America exists because a group of visionary rabble-rousers realized they were without representation in the halls of government and demanded change. They rejected the notion that society functioned best with a common, unlearned mass governed by anointed nobility. They saw the virtue of educated citizens representing themselves. This is the most fundamental idea of our republic.
All these years later, it’s distressing to think about how much we’ve strayed from that vision. While we retain much of the promise our founders saw in us, the government they created on our behalf is in manifest disrepair. The particular reasons for concern are interesting, but they all point to the same symptom: a government no longer faithfully acting on behalf of the people.
Members of Congress are spending half or more of their time raising money for elections, and getting the vast majority of that money from a tiny group of donors comprising less than one twentieth of a percent of the population. In other words, our elected representatives are dependent not on the people as a whole — in the way envisioned by James Madison — but on uber-donors pursuing initiatives that are almost always inconsistent with the broader interests of society.
This was the message of John McCain in 1999. He railed against the influence of corporations and special interests in elections. He saw a threat to democracy from both the left and the right — a threat that sought to win persistent control of the political and legislative agenda by purchasing office and then using official power to rig the electoral process and gain a permanent seat at the head of the table.
Like many Americans, I was captivated by McCain’s message. I felt something had changed in the mid-1990s, and our politics had grown more bitter and divisive than before. It seemed that big media and big money were making a sport out of this divisiveness, creating a new kind of gladiatorial spectacle. Some of us saw the perverse nature of this; as a society, we had taken to perversely cheering at the burning down of our political structures, with civility as the first casualty. McCain was the first national politician to identify this trouble, and it seemed he was interested not only in addressing the system, but in freeing himself from an obligation to participate in it. If successful, he could ignore fundraising and talk straight. This would make him a transcendent and potentially transformational leader.
McCain seemed to grasp a bundle of concepts both simple and foundational — something at the heart of the insidious defects that have crept into American government: if money equals speech, more money equals more speech (and less money equals less speech). Further, since political speech equals speech, it follows naturally that more money equals more political speech and less money equals less political speech. Moreover, because politics is a human endeavor subject to human limitations, there’s only so much political speech to be had. When human limits of sending, receiving, transmitting, and absorbing are encountered, available speech has run out and no more voices will be heard. This means that with enough money, one constituency can block the speech of another, all the while claiming the mantle of free speech itself. McCain built his 2000 campaign around this idea, and the fact it didn’t work doesn’t make the idea any less accurate or important. But to understand why it didn’t work, it’s helpful to visit upon the role of establishment politics, the force that thwarted McCain in 2000.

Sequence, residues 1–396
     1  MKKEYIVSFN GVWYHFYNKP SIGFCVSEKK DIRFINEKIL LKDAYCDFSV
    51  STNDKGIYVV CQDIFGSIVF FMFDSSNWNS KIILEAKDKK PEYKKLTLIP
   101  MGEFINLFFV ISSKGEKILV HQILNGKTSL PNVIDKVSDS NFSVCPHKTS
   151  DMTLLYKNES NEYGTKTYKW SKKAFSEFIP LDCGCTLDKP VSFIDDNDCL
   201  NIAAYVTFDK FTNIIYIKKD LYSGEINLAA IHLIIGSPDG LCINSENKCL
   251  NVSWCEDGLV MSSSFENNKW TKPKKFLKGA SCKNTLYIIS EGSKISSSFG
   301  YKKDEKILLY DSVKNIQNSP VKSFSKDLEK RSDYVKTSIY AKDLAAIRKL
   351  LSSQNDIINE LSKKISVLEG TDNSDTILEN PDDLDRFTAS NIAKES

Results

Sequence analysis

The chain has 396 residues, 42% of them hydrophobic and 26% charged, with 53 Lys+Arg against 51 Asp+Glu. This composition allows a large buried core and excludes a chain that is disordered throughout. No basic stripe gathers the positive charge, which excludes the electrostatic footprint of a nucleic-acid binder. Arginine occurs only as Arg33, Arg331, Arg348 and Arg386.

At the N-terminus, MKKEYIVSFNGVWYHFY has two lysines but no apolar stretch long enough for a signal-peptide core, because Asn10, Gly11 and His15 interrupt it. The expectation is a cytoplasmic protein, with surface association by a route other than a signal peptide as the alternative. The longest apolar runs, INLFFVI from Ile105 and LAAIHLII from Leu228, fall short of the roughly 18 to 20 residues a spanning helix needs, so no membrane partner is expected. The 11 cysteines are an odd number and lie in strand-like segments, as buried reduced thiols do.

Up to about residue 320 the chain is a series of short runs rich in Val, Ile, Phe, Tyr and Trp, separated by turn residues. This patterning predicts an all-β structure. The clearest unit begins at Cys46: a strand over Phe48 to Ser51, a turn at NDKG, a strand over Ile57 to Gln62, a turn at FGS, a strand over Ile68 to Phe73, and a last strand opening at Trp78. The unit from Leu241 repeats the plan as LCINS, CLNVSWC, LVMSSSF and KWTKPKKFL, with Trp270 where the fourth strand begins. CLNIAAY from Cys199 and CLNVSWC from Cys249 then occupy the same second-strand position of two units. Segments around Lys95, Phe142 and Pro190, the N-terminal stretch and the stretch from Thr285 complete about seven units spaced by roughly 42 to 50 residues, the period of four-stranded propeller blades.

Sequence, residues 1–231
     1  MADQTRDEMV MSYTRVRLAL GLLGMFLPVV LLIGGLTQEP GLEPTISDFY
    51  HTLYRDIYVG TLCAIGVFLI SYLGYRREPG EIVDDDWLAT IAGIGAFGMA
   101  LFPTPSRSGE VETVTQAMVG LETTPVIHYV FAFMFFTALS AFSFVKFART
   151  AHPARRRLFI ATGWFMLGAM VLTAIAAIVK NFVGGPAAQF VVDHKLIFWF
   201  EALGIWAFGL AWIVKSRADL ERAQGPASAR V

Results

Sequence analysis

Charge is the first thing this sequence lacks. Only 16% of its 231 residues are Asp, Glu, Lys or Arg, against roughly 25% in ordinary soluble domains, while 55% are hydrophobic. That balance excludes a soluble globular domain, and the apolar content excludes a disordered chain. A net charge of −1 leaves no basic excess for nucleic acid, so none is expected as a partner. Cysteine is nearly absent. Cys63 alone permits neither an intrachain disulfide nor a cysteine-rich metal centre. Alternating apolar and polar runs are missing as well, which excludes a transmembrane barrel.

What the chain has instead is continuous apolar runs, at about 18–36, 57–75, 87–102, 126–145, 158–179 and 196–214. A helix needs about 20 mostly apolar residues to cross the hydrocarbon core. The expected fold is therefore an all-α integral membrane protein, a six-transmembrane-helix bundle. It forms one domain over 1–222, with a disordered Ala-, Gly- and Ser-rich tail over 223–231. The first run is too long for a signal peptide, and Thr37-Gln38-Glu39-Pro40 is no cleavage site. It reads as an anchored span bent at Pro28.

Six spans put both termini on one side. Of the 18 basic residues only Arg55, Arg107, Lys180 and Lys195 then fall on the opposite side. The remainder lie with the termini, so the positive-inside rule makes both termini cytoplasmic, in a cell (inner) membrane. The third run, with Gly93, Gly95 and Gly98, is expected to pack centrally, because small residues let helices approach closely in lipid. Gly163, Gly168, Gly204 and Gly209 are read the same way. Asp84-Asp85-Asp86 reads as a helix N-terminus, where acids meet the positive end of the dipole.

By their nature, establishments are entrenched. They are resistant to external influence. They are especially defiant of attempts at making them change whatever has made them successful. The modern democrat and republican parties are establishments. They’ve become successful by raising money and spending it on the formulation of political narratives. They’ve determined that the more money they raise and spend, the more successful they’ll be at getting their candidates elected. The more their candidates are elected, the more their power is aggregated, making it increasingly easy for them to frame and structure the political process to serve their ideological or rational ends.
This has had a noticeably negative impact on our electoral and political processes. Elections have become focused on fundraising, and politics has become focused on servicing the interests of those whose donations can buy them time on the calendar of the person they help elect. It’s not that every elected representative is aloof or uncaring as to the concerns of rank and file citizens (though some certainly qualify). It’s that there is only so much time and focus for each representative to expend. This means prioritization determines how a representative will govern, and right now, raising money is priority number one.
Efforts to raise money and honor donors encroach on time that should be spent on voter concerns. Lengthier election cycles and constant media scrutiny, combined with the influence of money, place representatives in constant campaign mode, which is different from and in competition with governance mode. Campaign mode is about narratives, perceptions, and competition with opponents. Governance mode is about communicating with constituents, analyzing proposals, drafting legislation, and building consensus. As governance mode has increasingly been pushed aside by campaign mode, citizens have noticed their representation is degraded, to the extent any representation is noticeable at all. This is no doubt what has fostered historically low congressional approval ratings.
But sadly, this is not a surprise. For reasons we’ve already discussed, it’s a perfectly predictable outcome.
If the political parties are establishments resistant to changing what has made them successful, and if they’ve become successful by raising huge sums of money, and if more money equals more political speech, it follows that three discouraging things are true.